Power Electronics for Electric Vehicles 2025-2035

This report provides an analysis of the power electronics market for electric vehicles, with insights regarding the adoption of SiC MOSFETs in the inverter, onboard charger, and DC-DC converter, from 200mm wafers (8 inch), to trends in automotive OEMs. GaN adoption in the automotive sector is also looked at, and potential technologies are analyzed. IDTechEx forecasts the power electronics market by voltage (600V, 1200V) and technology (Si, SiC, GaN).
The demand for electric vehicles (EVs) will grow rapidly over the next decade, and the EV power electronics market will grow even faster. To tackle consumer concerns about battery electric vehicles (BEVs) compared to internal combustion engines, automotive OEMs are looking for ways to increase range and speed up charging. Aside from battery and motor technologies, wide bandgap (WBG) semiconductors, silicon carbide (SiC) and gallium nitride (GaN), have the potential to revolutionize EV powertrains in displacing the incumbent silicon (Si) IGBTs and MOSFETs with 800V architectures and significant efficiency gains.
IDTechEx’s report Power Electronics for Electric Vehicles 2025-2035 analyzes the growth potential and future trends in WBG technologies, from the rapid scaling of SiC MOSFETs to the potential of GaN to consolidate itself in the EV power electronics market. The report includes granular forecasts detailing unit sales, power (GW), and market size (US$) demand segmented by inverters, onboard chargers (OBC), and DC-DC converters by voltage (600V, 1200V) and semiconductor technology (Si, SiC, GaN).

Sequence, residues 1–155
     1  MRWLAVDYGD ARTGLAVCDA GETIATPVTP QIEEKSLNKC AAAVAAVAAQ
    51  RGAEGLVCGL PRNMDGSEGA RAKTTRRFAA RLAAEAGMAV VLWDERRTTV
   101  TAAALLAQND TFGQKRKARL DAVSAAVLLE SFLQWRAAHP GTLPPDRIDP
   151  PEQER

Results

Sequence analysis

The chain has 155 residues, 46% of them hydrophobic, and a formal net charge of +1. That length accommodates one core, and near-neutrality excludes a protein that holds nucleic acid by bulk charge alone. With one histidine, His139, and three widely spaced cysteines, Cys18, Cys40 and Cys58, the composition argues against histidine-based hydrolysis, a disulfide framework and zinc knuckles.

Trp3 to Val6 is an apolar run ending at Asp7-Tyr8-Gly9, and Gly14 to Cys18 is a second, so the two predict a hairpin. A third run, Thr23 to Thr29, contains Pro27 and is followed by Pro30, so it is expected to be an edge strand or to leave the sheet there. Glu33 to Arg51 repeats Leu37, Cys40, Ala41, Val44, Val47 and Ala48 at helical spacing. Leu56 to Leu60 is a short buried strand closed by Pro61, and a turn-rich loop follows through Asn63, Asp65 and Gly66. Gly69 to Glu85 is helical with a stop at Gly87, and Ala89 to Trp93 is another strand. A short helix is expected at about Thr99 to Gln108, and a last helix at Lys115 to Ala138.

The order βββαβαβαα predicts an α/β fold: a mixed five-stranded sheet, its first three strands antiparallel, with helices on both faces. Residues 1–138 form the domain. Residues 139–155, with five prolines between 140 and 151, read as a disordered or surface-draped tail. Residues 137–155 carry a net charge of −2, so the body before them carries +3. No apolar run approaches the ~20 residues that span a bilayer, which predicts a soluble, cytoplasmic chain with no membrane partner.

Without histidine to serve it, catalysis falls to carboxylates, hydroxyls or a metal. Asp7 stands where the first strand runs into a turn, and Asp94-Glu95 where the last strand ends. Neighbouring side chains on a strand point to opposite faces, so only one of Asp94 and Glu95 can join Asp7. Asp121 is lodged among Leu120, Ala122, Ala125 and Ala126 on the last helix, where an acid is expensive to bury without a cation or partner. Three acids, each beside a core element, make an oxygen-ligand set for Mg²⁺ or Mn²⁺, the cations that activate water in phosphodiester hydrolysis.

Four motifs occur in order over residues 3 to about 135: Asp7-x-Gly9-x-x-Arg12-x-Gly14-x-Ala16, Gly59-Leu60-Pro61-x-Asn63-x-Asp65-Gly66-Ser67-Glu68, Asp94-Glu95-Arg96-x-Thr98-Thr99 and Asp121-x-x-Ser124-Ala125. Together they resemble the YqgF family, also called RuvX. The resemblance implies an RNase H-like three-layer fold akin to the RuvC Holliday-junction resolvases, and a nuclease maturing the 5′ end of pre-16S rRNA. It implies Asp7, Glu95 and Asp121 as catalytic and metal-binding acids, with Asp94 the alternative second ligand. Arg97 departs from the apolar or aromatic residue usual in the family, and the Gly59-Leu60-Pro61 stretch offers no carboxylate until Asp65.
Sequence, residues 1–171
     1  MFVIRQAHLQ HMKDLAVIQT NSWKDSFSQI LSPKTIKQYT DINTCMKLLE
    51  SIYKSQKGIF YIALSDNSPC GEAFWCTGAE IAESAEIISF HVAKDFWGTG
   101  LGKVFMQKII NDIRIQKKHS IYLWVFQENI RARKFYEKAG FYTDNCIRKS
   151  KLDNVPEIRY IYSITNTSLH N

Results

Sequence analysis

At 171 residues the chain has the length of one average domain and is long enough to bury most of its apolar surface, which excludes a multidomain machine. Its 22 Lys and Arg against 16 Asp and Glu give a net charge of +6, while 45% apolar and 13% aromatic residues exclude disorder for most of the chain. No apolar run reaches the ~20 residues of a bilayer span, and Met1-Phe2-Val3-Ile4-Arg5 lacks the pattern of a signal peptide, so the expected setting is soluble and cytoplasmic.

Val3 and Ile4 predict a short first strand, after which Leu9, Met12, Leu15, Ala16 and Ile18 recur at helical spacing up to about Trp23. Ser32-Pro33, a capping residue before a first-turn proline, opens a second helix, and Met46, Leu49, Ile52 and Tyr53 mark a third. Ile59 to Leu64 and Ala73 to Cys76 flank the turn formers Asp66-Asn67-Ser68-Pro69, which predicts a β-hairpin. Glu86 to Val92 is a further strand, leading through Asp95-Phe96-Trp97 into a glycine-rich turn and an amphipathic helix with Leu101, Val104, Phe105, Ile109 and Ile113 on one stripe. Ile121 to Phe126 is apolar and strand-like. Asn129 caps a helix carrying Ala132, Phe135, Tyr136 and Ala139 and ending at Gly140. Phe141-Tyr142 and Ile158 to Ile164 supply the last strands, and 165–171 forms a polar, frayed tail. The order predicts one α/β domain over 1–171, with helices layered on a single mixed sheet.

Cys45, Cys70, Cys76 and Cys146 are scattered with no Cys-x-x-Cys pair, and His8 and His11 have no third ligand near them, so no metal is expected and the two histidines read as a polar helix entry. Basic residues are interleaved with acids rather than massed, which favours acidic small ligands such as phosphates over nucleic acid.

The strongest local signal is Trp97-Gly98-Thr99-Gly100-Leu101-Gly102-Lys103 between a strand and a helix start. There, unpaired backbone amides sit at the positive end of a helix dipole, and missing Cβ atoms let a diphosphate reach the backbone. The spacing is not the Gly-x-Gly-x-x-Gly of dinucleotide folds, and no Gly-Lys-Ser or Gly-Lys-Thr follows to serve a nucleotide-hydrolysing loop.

IDTechEx forecasts the EV power electronics market to grow with a double-digit CAGR from 2023-2035. Source: Power Electronics for Electric Vehicles 2025-2035
SiC supply chain
SiC has an established supply chain from raw material to wafer, to processing technologies to device packaging. This, however, doesn’t mean that there isn’t room for developments in the SiC supply chain. SiC wafer supply is an area dominated by US companies, and OEMs are looking to multisource their SiC to guarantee supply and cost. The transition from 150mm to 200mm SiC wafers will significantly increase production capacity, which is vital for the automotive industry. Furthermore, there is a push to globalize the SiC supply chain, with companies in Europe and Asia scaling up wafer operations.
SiC MOSFETs will continue to be more expensive than Si IGBTs, despite significant reductions in prices over the past 5 years. This is due to infrastructure requirement, the much higher price of SiC wafers, and energy-intensive processing steps. IDTechEx does a cost analysis of implementing SiC MOSFETs in EVs, examining the impact at both the device and vehicle levels. Collaboration is happening across the supply chain: OEMs are borrowing EV platforms from others, device manufacturers are investigating innovative ways to increase yields, and suppliers are acquiring other companies to vertically integrate and strengthen their supply chain control. OEMs are collaborating with automotive semiconductor suppliers to get the most out of their powertrains.
SiC MOSFET adoption in the EV market